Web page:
Wednesday, March 14, 2012

The Visual Studio 2011 Developer Preview

Today I thought I'd give the new VS 2011 Developer Preview a bash. My main interest was to see how C++ AMP can be used in increasing code performance.

This time the migration of projects to the latest VS version was relatively painless in comparison with the upgrade to VS2010. The one error I ran into was

Cannot open include file: 'sal.h': No such file or directory

which was easily fixed by adding "C:\Program Files (x86)\Windows Kits\8.0\Include\shared" to the list of include directories.

Remembering how the performance of an H.263 codec improved *notably* when we migrated from VS2008 to 2010, I was curious to find out what the VC team has done in 2011. After having rebuilt the Video Processing Project solution and running the FrameGrabber application the following results were observed: 

Mode:    Total average         Per frame      Improvement %
0                872.10 ms             0.86 ms
1                859.45 ms              0.75ms                 13.42%
2                 816.97ms              0.56ms                 35.26%
3                 879.01ms              0.82ms                   5.04%
5                 N/A

Comparing these results to the ones obtained using VS2010 as posted in Improving live multimedia pipeline performance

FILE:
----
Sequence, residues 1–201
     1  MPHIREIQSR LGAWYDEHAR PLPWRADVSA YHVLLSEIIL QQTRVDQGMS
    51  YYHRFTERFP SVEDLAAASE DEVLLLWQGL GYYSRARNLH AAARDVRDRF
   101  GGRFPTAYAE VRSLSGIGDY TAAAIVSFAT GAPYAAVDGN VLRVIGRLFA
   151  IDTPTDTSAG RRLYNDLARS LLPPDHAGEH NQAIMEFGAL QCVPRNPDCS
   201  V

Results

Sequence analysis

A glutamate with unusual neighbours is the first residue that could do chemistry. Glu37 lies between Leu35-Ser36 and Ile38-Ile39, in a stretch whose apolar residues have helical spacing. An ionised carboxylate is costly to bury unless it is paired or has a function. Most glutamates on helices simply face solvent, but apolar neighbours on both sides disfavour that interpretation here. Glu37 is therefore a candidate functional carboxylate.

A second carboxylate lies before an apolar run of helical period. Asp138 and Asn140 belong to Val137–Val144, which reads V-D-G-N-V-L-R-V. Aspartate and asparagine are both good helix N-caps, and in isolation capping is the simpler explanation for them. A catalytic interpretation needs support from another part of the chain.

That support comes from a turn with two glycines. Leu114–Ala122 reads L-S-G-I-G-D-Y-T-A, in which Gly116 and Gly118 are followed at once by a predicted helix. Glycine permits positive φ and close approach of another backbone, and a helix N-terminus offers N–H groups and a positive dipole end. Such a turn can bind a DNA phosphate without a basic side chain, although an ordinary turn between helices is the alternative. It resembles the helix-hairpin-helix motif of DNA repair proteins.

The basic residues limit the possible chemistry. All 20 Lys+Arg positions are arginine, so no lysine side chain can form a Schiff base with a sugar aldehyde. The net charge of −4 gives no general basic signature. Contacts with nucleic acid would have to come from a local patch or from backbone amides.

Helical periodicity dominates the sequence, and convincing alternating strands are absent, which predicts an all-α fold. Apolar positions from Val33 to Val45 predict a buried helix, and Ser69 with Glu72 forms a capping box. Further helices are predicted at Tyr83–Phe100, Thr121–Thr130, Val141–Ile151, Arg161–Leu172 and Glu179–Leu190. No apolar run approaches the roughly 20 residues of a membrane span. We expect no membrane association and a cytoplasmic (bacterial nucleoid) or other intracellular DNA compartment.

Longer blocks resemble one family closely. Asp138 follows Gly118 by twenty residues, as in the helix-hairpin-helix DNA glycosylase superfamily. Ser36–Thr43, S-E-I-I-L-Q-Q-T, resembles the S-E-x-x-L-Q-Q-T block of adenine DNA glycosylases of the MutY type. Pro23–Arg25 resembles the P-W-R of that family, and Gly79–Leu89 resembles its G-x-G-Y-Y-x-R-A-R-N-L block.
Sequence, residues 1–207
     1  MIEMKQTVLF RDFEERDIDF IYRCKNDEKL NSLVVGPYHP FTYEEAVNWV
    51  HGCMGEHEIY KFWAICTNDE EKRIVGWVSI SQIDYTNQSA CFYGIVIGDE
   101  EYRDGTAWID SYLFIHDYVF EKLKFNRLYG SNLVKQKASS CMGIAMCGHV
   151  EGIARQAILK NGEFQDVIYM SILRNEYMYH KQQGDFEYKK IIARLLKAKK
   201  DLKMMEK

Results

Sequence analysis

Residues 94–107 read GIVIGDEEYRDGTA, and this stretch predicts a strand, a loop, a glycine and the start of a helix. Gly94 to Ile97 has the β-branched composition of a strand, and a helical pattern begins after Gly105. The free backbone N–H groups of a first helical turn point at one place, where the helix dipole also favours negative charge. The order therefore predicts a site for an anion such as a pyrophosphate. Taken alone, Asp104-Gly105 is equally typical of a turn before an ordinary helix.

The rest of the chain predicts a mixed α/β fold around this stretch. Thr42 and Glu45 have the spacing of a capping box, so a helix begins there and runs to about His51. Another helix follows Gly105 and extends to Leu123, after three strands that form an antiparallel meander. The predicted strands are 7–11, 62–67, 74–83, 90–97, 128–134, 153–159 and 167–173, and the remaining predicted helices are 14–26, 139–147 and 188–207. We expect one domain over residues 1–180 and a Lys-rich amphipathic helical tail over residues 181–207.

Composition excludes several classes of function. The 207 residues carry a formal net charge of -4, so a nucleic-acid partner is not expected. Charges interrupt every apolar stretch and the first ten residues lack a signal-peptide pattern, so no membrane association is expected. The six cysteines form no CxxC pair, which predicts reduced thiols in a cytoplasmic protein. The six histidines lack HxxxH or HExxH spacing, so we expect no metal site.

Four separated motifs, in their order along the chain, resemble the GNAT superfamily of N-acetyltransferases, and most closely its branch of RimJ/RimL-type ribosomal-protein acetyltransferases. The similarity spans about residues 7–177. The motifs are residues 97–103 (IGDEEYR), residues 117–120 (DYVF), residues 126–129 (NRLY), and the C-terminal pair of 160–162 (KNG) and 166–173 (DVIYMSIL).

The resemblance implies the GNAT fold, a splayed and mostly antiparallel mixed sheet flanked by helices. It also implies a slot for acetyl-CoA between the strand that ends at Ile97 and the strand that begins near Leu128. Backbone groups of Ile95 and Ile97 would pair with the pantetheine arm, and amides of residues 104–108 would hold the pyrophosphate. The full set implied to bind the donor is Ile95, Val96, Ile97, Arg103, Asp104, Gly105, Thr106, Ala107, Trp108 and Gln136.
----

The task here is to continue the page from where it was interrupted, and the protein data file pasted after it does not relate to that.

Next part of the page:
Mode:    Total average         Per frame      Improvement %
0               1224.46ms            1.16ms
1               1105.63ms            1.02ms                  12.26%
2                 969.82ms            0.55ms                  53.10%
3               1572.18ms            1.24ms                   -6.74%
5               1106.09ms            0.59ms                  49.13%

The results were obtained using the FrameGrabber application, running the application 5 times and taking the average. Looks like the compiler team has done some serious work optimising the generated code. Even though the relative placement between the timings of the various modes is still similar, the gap has closed considerably. This is not to say, that optimisation is any less important when using newer compilers : a 35.26% improvement is nothing to frown upon.

Looks like the free lunch isn't quite over yet, as long as you can afford a new compiler/IDE :-)


Looks like this might have something to do with the auto-vectorizer in VS2011:

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